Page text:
When we went through it together they enjoyed it more, which I think was mainly because I was able to add a bit of emotion into reading it. I also translated some of the language into modern slang, which they enjoyed. For example, I explained to them “when he says:

my fist came in collision with McCormack’s nose and caused him to loose his equillibrium and fall postrate

What he means is:

I accidentally punched him in the nose and he fell flat on his face.”

Once we finished editing it we re-read sections of it and the students were able to get a bit more of a picture of what he was trying to say.

Overall the lesson went well, and with a few adjustments I think it would be a very worthwhile activity for teachers to run. The main improvement I would make would be to integrate it into the historical study of Ned Kelly or bushrangers. This would have given some context for the students and greater motivation for them to interpret the letter – most students I have come across thoroughly enjoy learning about Ned Kelly. The second change would be to provide more scaffolding in editing and grammar. As this was a one off, it was quite a challenging task for the students. If the students had more background skills it would have been much easier for them.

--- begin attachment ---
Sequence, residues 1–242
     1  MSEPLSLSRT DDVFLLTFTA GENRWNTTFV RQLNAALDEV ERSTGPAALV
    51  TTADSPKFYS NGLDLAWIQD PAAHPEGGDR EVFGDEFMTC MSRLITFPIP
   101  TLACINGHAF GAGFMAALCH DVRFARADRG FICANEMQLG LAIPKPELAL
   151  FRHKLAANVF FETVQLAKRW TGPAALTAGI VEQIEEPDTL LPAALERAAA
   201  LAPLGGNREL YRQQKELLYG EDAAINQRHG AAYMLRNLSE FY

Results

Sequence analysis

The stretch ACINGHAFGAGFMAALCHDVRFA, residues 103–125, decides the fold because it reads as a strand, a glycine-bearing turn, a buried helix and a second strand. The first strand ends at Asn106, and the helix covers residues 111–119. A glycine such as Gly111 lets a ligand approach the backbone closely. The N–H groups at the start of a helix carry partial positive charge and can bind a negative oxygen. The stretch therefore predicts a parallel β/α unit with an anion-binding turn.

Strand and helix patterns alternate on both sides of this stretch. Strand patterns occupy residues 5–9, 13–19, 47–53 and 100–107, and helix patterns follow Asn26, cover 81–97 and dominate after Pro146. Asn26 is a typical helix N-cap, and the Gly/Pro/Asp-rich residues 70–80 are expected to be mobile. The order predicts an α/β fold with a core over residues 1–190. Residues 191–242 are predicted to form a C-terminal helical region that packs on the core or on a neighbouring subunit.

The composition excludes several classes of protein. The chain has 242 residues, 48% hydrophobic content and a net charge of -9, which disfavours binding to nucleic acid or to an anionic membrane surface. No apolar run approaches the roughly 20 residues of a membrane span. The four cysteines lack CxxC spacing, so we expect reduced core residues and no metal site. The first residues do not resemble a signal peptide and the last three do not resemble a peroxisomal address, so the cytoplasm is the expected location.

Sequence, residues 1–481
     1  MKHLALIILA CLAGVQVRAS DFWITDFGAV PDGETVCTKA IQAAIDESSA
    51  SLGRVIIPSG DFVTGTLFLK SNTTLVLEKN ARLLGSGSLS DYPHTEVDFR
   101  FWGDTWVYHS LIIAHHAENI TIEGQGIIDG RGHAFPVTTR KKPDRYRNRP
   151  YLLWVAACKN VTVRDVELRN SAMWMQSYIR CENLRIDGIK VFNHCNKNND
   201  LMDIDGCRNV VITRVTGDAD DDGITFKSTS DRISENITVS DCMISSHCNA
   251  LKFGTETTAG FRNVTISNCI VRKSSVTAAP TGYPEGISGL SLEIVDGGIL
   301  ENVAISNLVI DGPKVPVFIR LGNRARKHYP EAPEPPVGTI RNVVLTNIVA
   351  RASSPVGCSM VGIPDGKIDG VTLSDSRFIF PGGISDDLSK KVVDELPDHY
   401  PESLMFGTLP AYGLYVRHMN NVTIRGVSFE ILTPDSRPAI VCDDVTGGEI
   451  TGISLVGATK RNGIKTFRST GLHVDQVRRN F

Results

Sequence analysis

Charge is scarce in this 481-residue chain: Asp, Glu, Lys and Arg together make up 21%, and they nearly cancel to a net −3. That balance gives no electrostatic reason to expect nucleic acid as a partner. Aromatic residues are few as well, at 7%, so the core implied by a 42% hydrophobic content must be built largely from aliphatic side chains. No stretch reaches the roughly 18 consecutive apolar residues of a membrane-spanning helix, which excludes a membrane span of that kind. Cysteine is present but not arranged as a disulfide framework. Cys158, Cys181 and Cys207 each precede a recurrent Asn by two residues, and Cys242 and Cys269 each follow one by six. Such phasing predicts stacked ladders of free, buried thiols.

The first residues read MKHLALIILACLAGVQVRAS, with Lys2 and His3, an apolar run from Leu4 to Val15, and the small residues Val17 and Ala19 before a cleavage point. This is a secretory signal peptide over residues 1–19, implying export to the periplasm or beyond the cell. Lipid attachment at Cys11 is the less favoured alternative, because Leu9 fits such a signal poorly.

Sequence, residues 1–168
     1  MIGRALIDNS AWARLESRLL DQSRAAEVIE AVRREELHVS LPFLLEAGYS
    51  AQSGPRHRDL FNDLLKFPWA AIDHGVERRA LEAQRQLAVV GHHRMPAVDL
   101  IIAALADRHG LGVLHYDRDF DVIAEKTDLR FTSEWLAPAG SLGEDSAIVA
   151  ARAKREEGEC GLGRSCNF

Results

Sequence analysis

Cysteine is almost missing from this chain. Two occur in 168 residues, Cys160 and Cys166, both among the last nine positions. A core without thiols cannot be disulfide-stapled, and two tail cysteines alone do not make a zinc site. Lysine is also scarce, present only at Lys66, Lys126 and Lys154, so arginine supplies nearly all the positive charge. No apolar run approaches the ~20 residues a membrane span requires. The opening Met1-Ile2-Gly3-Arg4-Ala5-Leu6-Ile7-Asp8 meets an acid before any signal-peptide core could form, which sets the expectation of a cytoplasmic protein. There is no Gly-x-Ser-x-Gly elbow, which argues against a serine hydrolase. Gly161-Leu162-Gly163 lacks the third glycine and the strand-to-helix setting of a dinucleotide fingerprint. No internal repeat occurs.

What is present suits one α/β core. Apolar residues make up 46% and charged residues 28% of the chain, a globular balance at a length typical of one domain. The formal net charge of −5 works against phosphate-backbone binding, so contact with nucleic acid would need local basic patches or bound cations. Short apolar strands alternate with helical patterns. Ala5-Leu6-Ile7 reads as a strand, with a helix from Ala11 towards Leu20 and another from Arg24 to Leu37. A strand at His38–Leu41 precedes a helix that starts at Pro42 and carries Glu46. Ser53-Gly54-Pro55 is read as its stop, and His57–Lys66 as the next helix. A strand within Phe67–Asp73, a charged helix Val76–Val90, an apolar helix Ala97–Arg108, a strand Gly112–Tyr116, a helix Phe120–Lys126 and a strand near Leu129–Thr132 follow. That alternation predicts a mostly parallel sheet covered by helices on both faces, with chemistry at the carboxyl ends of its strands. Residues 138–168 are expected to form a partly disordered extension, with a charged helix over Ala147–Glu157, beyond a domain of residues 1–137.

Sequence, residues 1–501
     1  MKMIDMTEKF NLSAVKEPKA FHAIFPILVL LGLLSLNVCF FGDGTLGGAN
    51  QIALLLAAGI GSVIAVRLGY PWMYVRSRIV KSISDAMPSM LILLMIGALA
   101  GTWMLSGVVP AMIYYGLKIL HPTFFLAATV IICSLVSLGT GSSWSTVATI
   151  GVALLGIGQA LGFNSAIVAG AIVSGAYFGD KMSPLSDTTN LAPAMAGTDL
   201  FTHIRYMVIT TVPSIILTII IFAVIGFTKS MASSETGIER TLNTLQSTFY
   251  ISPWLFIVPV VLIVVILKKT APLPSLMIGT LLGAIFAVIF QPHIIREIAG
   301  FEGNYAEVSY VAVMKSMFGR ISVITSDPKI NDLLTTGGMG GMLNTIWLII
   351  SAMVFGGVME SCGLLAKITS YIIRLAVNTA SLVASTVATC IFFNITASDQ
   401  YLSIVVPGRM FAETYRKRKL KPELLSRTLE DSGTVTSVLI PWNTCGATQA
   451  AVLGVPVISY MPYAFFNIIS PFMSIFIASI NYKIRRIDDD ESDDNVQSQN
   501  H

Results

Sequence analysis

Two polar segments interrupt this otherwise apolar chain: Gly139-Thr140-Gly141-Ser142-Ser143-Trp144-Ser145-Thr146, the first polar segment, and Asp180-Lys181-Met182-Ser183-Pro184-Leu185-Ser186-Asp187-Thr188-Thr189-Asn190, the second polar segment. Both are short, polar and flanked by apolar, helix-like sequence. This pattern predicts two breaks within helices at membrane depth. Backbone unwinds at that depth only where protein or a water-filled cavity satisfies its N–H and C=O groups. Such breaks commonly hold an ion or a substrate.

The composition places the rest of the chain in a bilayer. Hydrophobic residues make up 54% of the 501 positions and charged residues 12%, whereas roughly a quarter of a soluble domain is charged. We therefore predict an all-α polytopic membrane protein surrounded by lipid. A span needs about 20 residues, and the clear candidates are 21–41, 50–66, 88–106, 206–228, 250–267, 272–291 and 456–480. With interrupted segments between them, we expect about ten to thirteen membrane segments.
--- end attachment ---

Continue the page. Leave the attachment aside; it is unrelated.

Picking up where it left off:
Also, I would think it would be a quicker (and possibly more fun) activity for secondary students.

Not all students like learning or practising their grammar, but with a bit of Ned’s charm and charisma, they might even find it fun! If anyone gives it a go, or has in the past, please let me know how it went.

(Picture from the State Library of Victoria – Manuscripts Collection).